Prescription Painkillers: Public Enemy Number 1 for Overdose
You might ask why I say prescription painkillers are Public Enemy Number 1, but the answer may be a little more than you expected. If you really need a reason, let’s just say that according to recent research, opioid overdoses are a leading cause of death in the United States!
By that count, over any other circumstance of the deaths of American people, prescription painkillers are the spear-head of self-destruction in our society. That is more than cigarettes, alcohol, any other on that list. And heroin in a close second to the opioids that are actually passed out at pharmacies!
Recent Overdose Research
A recent national study of hospital emergency department visits for opioid overdoses published online by JAMA Internal Medicine, 67.8% of the overdoses had prescription opioids (including methadone) involved. This number was followed closely by heroin overdoses, and other unspecified opioids and multiple opioids.
The study analyzed 2010 data from the Nationwide Emergency Department Sample and was adjusted to generate national estimates. Opioid drugs including:
These were the medications prescribed by doctors that are credited as the cause of the estimated 92,200 hospital visits, which is more than 5 times the number of deaths involving opioid painkillers in 2010.
Researchers found that out of all recorded emergency room visits that were a result of a drug overdose:
- Heroin accounted for 16.1%
- Unspecified opioids accounted for 13.4%
- Multiple opioid types accounted for 2.7%
While even fewer than 2% of overdoses treated in emergency rooms were fatal.
Overdoses that resulted in emergency room visits and hospitalization lead to the average cost of care for overdose victims, whether they were released or admitted to the hospital, to be estimated at around $1.4 billion in 2010.
Those Most at Risk
The study showed that some people were at higher risk for drug overdoses, including people suffering from other health problems including:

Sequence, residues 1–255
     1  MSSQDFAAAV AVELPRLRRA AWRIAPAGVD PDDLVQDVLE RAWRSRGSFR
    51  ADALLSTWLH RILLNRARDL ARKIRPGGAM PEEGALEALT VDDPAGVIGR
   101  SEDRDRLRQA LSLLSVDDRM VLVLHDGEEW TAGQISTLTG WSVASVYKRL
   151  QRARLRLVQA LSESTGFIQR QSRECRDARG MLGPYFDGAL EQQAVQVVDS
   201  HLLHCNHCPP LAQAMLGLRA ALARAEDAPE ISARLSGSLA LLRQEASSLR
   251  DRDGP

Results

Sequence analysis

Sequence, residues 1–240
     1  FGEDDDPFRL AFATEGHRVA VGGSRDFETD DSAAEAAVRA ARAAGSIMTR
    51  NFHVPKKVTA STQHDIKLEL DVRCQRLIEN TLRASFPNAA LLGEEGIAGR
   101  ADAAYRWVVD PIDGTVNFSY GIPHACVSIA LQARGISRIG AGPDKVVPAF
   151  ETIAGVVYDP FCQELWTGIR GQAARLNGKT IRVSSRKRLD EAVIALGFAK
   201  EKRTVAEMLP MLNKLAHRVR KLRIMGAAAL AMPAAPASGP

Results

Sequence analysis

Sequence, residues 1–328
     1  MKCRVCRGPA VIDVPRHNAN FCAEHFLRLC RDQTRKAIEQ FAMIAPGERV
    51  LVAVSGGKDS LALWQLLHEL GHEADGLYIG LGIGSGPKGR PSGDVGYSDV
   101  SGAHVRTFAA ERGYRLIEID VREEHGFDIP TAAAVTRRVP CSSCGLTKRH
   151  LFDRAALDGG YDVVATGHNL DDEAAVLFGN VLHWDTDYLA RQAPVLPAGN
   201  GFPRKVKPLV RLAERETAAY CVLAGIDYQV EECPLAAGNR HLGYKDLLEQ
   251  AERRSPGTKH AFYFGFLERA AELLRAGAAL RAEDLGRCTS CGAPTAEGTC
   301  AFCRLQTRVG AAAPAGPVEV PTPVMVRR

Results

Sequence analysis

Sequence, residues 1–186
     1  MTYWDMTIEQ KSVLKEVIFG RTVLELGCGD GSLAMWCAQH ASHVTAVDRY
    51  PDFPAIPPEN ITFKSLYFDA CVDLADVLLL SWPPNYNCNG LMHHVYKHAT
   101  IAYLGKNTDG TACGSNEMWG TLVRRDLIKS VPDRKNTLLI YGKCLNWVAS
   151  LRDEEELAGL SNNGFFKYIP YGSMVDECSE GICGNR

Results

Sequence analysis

- Breathing problems
- Heart problems
- Mental health problems
Because of these problems, clinicians should be more aware of the risks when they prescribe opioid painkillers for someone with one of these conditions, according to Michael Yokell, a Stanford University medical student and one of the researchers. He also said clinicians should consider possible alternatives to treatment for such patients, and discuss the risk of overdose if it is absolutely necessary to prescribe these medications.
The greatest proportion of prescription opioid overdoses includes:
- Overdoses in urban areas- 84.1%
- Overdoses in the South- 40.2%
- Overdoses among women- 53%
Painkillers Killing Us
Deaths as a result of prescription painkillers quadrupled between 1999 and 2011. Raising from 4,263 deaths in 1999 to 17,000 2011. This skyrocketed rate came in conjunction with the rising number of prescriptions being distributed for opioid medications such as Oxycontin and Vicodin.
Doctors in the United States write more than 259 million prescriptions for painkillers annually, and the prescription drug epidemic was announced by the Centers for Disease Control and Prevention in 2011. That epidemic has driven drug overdose to become the leading cause of injury death in the nation. Again, that means opiates in America are causing more deaths than even car accidents!
The overall death rate did reach as low as 1.4%, but that is only once patients arrived in the emergency care, which some suggest supports increased use of emergency services for overdoses. This projection is based off of the pattern of how these overdoses have evolved in the past few years, and the direct effect on the medical community.
What about those that do not see an emergency room? All these statistics and averages add up to one very big problem, that people all over America are suffering from the grips of dangerous drugs that are taking lives at record rates, and many people who begin with painkillers move on to heroin, that is if they survive the grips of prescription opiates, seeing as how they account for the greater number of deaths.
So while people shake their heads at heroin, they still see these poisonous pills as acceptable because they come from a physician. The stigma still suggests that heroin is ‘so much worse’, but is it really? Or is it just that it is more social acceptable to take pills these days than face the true problem. If you or someone you love is struggling with substance abuse or addiction, please call toll-free 1-800-951-6135